The Rays and the Royals made a blockbuster trade on Sunday night. The Rays gave up Wade Davis, James Shields, and a Player to Be Named Later (or cash) for Wil Myers, Jake Odorizzi, Mike Montgomery, and Patrick Leonard. Since he is the least known guy in the trade, and I haven't written anything about him, I decided to write a report on Patrick Leonard. According to J.J. Cooper of Baseball America, he was a prospect "on the rise" (and BA had him as the 18th best player in a good system).
Leonard was a 5th round pick by the Royals in 2011 out of high school in Houston Texas. The 20 year old 3rd baseman (also DH'ed 7 times this year) is a monster of a man, listed at 6-4 225. He made his minor league debut in 2012, playing 62 games of Rookie Ball in the Appalachian League with Burlington. He showed off some skills with the bat there, with a 113 wOBA + and 133 OPS + despite being a touch young for the league. Burlingon's park also played slightly pitcher friendly (but it played slightly hitter friendly in 2011, so you can probably chalk up this fact to sample size, and consider it roughly an average park) and it showed up in his splits as well, as he had a .207 ISO at home and .277 ISO on the road. Of course, we are dealing with small statistical sample sizes, so splits may not be very helpful. This is why I would not be concerned with his .043 ISO against lefties. It is just 53 plate appearances, he is a right-handed hitter, and his K/BB is better than against righties. He didn't hit for a very good average, but didn't strikeout a high amount for a power hitter, had a low BABIP, and walked, giving him a good OBP. Going with what I have seen of Leonard as far as video, he stands very upright (which has worked for some hitters like Troy Tulowitzki) without much leg splits. He seems to take an early leg stride, but not much of a kick, as it isn't very high at all. The stance goes from open to normal by the time the ball gets there (which is, if nothing else, what the leg kick does). He seems to possess a flat swing, but it does not look especially quick. It is very controlled, calm, fluid, and smooth. I suspect that he is a better low ball hitter than a high ball hitter considering his swing and his speed (though some have raved about his bat speed). According to John Sickels, there was concern about how he would handle breaking pitches. Perhaps it is too early to say that this has been proven wrong, but he performed well with a decent walk rate against his peers, so it isn't a massive problem as of now.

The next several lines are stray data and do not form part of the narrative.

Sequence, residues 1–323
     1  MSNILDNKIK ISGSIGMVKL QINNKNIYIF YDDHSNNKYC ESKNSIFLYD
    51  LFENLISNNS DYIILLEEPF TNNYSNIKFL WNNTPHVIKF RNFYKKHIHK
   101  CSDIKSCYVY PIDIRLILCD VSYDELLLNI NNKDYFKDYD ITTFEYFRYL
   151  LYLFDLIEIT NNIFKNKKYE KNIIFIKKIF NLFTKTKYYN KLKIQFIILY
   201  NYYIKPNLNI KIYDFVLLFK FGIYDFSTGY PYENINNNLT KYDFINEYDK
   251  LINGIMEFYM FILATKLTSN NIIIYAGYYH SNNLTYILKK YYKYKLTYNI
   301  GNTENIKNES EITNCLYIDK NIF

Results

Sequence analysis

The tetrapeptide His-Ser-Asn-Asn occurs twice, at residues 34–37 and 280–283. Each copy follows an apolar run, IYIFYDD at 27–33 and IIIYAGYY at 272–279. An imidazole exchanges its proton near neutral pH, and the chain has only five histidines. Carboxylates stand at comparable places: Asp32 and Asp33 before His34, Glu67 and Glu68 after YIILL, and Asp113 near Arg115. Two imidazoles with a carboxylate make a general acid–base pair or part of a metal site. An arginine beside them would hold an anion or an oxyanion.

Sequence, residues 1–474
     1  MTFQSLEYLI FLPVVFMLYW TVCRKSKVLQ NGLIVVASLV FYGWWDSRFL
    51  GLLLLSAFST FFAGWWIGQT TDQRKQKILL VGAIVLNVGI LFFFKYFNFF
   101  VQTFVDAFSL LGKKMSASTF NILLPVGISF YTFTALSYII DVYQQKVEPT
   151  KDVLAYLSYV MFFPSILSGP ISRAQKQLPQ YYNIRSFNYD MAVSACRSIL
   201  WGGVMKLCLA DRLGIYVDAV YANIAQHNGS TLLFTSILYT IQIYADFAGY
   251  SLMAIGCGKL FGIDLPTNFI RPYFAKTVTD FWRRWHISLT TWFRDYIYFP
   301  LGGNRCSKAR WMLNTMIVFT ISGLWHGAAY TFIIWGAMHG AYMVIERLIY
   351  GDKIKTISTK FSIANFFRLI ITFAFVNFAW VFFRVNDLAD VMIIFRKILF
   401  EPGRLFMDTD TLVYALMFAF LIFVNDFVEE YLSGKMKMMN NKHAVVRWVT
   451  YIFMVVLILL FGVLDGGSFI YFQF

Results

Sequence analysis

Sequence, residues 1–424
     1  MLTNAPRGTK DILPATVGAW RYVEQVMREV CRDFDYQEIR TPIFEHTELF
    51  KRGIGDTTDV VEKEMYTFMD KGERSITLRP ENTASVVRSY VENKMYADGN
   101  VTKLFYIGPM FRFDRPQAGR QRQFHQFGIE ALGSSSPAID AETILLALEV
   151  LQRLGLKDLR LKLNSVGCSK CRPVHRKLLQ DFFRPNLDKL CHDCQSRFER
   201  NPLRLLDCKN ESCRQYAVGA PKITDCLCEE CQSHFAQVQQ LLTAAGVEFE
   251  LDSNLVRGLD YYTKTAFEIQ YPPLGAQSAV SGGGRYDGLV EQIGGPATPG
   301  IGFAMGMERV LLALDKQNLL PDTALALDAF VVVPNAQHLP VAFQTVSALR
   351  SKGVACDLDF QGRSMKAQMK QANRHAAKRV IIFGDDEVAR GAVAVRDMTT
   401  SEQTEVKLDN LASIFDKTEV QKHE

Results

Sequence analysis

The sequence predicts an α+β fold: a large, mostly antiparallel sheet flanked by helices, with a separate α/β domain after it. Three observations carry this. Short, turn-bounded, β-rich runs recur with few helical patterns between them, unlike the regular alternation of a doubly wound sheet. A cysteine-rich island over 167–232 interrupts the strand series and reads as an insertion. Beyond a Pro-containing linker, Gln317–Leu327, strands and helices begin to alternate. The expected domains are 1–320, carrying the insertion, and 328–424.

Obviously 55 games is a very small sample size at 3rd base, but range factor said he was a very good fielder. FRAA told the same story. He was a shortstop for most of his pre-draft prospect career, so perhaps we shouldn't be surprised he is showing good range. Evidently, there is still some thoughts that he may be moved to right-field, but as of right now, that doesn't make a lot of sense. A move may come later, but since he hasn't played a single full season ball game yet, that discussion is most likely premature. He does have good arm, so he would definitely fit out there if needed. He has always been viewed as an athletic player, and he stole 6 bases and had a 5.9 speed score in 2012, so he should either be a good corner outfielder, or at least as of now provide some baserunning value. Considering the power and power potential, that is pretty valuable.
It is obviously early in Leonard's career, but there is a lot to like about Leonard. He could turn into a good three facet player (with a good bat, glove, and running ability) at a non premium position. Of course many things can happen, including probably the likely scenario of his size eventually cutting down on his speed/defense but improving his power. As far as the trade goes, even though I am the least high on Wil Myers than basically anyone I know (the power in AA and AAA are in hitter friendly leagues, a lot of strikeouts, not much, if any, defensive or baserunning value), giving up Odorizzi and Leonard (along with a flier like Montgomery) is too much. As many have pointed out, Shields has scary home/road splits, and Wade Davis has somewhat struggled as a starter (but has been a great reliever).